Sharon Hamilton – Sharon is a prolific romance writer I met through the Redwood Writers. Soon after I joined the club, the idea of signing your emails with your author name and including the links to your work. Sharon barely knew me but spent half a day helping me set this up. This little thing stayed with me. She’s a living example of “writers helping writers.”
Marilyn Meredith – Another invaluable mentor is Marilyn Meredith. She’s a board member of the Public Safety Writers Association, who I met in 2014 at the club’s annual conference. Marilyn is an experienced author who helped me navigate small press publishing and writing ethics. She’s a prolific author of over 40 books who gets up in the middle of the night (4 AM) to accomplish her myriad goals. Even with huge family demands, she writes and promotes almost every day. A lady in the most refined sense, she’s also a model of Christianity—not the clichéd version. She walks the walk. She’s unpretentious, accepts people the way they are, and believes in sharing her gifts—as she has with me. I’ll bet she never even considered herself a mentor. But she is. She continually inspires me to be better.
Recently, I was privileged to be offered a contract job for multiple books. I’d be paid a flat rate for each, and the publisher would reap the royalties. It was a dream come true. But the time frame was strenuous-three books in six months. Yikes. With the support of my family, friends, and colleagues, I signed the contract. The colleague who facilitated this offered me one piece of advice. Write the book, then go back and edit.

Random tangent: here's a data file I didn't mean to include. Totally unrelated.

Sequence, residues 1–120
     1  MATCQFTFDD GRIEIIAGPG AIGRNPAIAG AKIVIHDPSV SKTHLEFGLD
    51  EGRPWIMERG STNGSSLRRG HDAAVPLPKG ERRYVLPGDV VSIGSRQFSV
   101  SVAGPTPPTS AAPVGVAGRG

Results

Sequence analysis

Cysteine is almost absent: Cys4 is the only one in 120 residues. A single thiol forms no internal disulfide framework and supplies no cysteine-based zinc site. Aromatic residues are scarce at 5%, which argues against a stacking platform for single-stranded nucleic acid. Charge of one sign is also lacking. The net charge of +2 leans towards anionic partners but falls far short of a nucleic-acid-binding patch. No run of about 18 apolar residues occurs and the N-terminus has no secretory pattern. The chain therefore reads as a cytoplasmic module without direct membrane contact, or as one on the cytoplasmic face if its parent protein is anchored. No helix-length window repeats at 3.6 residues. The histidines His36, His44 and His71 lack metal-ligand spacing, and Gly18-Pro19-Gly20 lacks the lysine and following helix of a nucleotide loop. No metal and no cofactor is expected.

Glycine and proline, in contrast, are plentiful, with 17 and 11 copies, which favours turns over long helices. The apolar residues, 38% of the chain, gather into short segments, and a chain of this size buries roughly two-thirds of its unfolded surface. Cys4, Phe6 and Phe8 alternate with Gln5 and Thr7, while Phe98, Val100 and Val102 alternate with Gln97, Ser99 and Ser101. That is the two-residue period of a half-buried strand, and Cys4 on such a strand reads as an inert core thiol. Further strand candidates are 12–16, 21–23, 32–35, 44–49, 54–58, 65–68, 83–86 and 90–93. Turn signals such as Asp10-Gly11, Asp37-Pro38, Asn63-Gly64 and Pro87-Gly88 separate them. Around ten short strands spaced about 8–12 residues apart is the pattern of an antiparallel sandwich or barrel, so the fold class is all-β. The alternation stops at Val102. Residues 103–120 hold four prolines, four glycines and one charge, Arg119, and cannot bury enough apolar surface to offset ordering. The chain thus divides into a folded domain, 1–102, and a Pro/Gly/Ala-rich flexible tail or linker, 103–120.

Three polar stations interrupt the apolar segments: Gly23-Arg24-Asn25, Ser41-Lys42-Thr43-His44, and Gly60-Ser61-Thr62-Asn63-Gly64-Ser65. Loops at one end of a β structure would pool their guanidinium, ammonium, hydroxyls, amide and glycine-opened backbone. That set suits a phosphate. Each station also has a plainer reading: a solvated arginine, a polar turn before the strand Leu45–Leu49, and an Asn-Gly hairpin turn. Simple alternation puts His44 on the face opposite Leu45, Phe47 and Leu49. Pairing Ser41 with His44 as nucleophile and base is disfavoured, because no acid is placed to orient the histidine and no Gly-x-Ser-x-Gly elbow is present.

So, I did that. In all my years of writing, I’d always thought a thousand words a day was optimum. But with the timeline I had, I had to kick it up a notch. I wrote consistently and turned in 2500 words per day. With the aid of a flexible outline, I completed all three before the deadline. Even though I’d signed on the dotted line, I had no idea that I could do that much work. Until I did it.
That one simple piece of advice changed my work habits forever. I look upon that colleague as a mentor, although he’s too modest to agree with me.
How did mentors change your writing? Do you have one or many? Do you help new writers as they begin this arduous journey?
Even if you don’t consider yourself a mentor, I want to suggest why you should consider it.
- It could change someone’s life—really. Think about words of encouragement you heard that motivated you. Be that person. (see above)
- It will take you out of your own world—we create them in our heads, don’t we? Telling another person about your process attaches words to abstract thoughts. Sharing can enlarge thoughts if you listen. For both of you.
- You’ll be building a writers’ community based on the positive aspects we’re talking about here.
- The life you change may be your own. Sometimes, verbalizing the process gives us a clearer picture. Sharing and giving aren’t unique to humans, but we’ve refined it through evolution.
Let’s keep working and helping each other.
Thonie is the author of four police procedural mysteries set in the Sonoma Wine Country. While three of the books are on Amazon now, they will be re-edited, re-covered, and re-published by Rough Edges Press, an imprint of Wolfpack Press. The fifth book in this series will debut sometime in 2023.
Thonie’s website is www.thoniehevron.com
Author Facebook page: Thonie Hevron Author
By Force or Fear
Intent to Hold
With Malice Aforethought
Felony Murder Rule
With the impending release of George’s latest novel, Robbers and Cops, I suggested he let me interview him for his blog. I happen to know that George is a talented writer and that he’s also very modest. Tooting his own horn is not in this man’s DNA, but I insisted. So here it is: an interview with the author, the man himself.
Now I get to turn the tables on Big George and interview him about his new book and a few other things. Michael A. Black